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Dry Skin Relief with Acupuncture

Acupuncture For Dry Skin Relief

Fine flakes and dry patches may form on the skin’s epidermis when it becomes dehydrated due to environmental changes, allergic reactions, certain drugs, washing or showering, or other factors. This disorder, known as xerodermia or xerosis in medicine, may be transitory or positively affected by moisturizers. However, for some people, this illness progresses to a chronic stage and results in painful symptoms that demand prompt medical attention.

What common signs and symptoms are there of chronic dry skin?

  • Tight feeling skin, especially after being immersed in water
  • Pruritus (itchiness)
  • The flaky or scaly appearance of skin
  • Skin discolouration
  • Rough patches of skin
  • Deep cracks that may bleed

An increased chance of secondary disorders, such as skin rips that result in infection, rashes, eczema, cellulitis (a dangerous bacterial infection on the epidermis), or thickening and darkening patches, exists if chronic dry skin is left untreated.

Contact an acupuncturist or Oriental medicine practitioner if you are concerned about the signs of chronic dry skin. You can develop a list of all the medications you are currently taking and any allergies you may have to be ready for your appointment. To determine what imbalances in your body may be causing your symptoms of persistent dry skin, your practitioner will also need to do a thorough medical evaluation. For instance, it can be discovered that your lung has to be treated for an imbalance.

Treating Dry Skin with Acupuncture 

Some people have discomfort or itching spells in addition to having unattractive portions of their skin. Some people may experience it to the point where it affects the quantity and quality of their sleep. In addition, cracks that bleed or chafe from aggressive scratching leave the body vulnerable to infection. For these reasons, getting assistance as soon as these symptoms appear can help keep symptoms from worsening.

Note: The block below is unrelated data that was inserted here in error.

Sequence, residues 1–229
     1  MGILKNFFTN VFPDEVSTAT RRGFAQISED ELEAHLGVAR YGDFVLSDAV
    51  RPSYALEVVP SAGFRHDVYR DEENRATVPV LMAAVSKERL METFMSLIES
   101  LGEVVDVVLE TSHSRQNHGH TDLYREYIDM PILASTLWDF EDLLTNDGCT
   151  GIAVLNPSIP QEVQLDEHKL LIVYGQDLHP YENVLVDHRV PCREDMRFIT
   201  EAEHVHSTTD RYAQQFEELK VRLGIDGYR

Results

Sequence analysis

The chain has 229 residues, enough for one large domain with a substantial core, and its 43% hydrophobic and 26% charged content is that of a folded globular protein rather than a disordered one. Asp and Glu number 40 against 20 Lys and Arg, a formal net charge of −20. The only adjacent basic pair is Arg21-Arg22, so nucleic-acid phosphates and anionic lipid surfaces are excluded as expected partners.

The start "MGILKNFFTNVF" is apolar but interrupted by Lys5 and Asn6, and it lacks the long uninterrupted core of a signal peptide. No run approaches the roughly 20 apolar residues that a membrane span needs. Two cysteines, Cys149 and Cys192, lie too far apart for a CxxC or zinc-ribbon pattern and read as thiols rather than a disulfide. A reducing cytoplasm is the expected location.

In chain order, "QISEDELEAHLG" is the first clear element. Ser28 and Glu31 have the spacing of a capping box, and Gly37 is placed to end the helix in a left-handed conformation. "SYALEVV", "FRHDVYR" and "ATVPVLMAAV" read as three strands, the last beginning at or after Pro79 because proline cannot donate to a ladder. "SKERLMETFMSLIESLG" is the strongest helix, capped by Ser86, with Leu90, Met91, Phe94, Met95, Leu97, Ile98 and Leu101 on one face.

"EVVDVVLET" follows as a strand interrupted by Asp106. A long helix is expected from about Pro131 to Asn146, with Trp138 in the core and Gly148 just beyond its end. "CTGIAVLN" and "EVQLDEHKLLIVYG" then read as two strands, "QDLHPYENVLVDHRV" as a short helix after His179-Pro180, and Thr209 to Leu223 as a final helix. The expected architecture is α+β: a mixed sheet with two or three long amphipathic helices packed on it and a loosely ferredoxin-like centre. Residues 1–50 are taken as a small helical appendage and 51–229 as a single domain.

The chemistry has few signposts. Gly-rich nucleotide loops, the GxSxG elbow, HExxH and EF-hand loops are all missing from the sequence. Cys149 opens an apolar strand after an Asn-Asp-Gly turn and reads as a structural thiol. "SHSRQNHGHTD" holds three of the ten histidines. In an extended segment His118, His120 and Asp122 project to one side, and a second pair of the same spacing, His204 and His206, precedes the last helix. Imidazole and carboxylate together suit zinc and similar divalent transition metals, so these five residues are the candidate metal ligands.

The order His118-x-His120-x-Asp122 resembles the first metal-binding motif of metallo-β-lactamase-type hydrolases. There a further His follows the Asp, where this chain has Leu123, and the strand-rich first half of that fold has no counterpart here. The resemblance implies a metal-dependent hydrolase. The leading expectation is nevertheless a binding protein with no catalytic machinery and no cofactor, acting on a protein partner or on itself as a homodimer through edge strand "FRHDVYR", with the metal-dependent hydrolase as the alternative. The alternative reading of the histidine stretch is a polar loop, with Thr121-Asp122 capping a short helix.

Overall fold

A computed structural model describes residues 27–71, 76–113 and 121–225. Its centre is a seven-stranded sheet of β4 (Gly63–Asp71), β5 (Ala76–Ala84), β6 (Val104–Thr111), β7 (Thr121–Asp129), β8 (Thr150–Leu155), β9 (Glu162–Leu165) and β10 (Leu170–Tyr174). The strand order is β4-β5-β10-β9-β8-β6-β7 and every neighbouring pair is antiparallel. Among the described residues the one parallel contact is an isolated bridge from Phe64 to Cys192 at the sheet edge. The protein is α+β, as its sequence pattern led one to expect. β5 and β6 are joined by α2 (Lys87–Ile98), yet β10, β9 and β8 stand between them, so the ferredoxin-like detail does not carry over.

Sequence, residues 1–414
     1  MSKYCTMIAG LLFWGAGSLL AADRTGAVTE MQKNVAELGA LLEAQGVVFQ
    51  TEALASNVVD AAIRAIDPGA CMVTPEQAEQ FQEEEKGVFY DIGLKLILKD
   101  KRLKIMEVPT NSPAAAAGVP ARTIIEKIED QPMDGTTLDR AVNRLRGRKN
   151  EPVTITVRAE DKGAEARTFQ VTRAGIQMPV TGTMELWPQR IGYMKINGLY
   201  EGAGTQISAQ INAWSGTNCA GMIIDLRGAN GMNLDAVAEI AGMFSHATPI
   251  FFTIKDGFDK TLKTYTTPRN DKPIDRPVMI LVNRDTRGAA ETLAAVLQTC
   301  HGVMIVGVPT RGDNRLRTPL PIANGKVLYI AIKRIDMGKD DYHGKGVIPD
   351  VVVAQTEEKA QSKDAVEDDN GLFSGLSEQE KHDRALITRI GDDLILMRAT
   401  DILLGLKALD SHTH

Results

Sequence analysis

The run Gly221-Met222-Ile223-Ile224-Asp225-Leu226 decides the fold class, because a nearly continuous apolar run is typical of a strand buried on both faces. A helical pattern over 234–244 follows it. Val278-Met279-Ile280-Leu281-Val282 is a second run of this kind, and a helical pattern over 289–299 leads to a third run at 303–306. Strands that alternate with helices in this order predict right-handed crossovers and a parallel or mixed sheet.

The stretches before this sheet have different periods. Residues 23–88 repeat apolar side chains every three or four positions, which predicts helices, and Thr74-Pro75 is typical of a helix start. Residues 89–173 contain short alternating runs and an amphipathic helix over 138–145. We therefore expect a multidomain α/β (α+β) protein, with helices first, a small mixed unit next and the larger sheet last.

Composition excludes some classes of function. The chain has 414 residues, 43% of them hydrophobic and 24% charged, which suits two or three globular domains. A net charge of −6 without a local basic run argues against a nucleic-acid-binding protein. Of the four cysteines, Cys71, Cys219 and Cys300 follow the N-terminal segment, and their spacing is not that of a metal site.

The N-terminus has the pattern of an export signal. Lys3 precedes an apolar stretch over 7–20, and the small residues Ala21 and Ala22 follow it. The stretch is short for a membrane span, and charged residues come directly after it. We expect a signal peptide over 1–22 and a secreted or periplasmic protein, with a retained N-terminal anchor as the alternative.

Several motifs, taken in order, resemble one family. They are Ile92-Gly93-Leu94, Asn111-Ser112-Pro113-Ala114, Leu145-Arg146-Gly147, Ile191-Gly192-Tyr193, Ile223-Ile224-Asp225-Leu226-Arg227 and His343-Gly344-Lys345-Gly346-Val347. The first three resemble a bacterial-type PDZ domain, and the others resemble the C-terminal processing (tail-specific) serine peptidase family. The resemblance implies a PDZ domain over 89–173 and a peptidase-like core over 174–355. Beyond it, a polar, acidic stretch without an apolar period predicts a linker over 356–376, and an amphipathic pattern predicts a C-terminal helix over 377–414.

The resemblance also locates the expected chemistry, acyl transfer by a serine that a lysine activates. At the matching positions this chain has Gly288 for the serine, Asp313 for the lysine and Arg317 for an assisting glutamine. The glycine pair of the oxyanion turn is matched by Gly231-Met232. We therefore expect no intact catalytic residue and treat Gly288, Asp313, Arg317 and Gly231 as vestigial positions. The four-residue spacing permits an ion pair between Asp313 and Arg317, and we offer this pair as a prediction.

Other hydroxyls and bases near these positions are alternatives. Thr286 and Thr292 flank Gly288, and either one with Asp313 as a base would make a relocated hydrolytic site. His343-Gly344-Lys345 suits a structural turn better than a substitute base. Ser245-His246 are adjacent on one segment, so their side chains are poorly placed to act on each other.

The skin’s condition is directly influenced by the lungs, in accordance with acupuncture and Oriental Medicine philosophy. This is due to the fact that they are one of the organs involved in fluid metabolism. A strong respiratory system guarantees that the skin gets the proper moisture. To produce the fluids that can nourish the skin, one must help the lungs.

The acupuncture point Pool in the Bend, located close to the elbow, helps alleviate dry skin issues. It does this partly by chilling the blood, which allows the lungs. As a result, visible symptoms like chapped, raw skin should disappear as the heat leaves. In addition, the process of producing moisture through the lungs thrives without further heat. More moisture promotes better cooling and nourishing ingredients delivery to the areas of the skin that require restoration.

Additionally, because it is regarded as a focal point, this point is doubly helpful for complaints of dry skin on the chest or arms. According to acupuncture and Oriental Medicine theory, a local issue is located close to a particular location that needs treatment, and the end draws its power from the condition because of its proximity. Pool in the Bend also forces heat out of the intestines, where it leaves through the excrement, demonstrating its complete adaptability. This alleviates constipation-related issues in the large intestine, which may contribute to dry skin.

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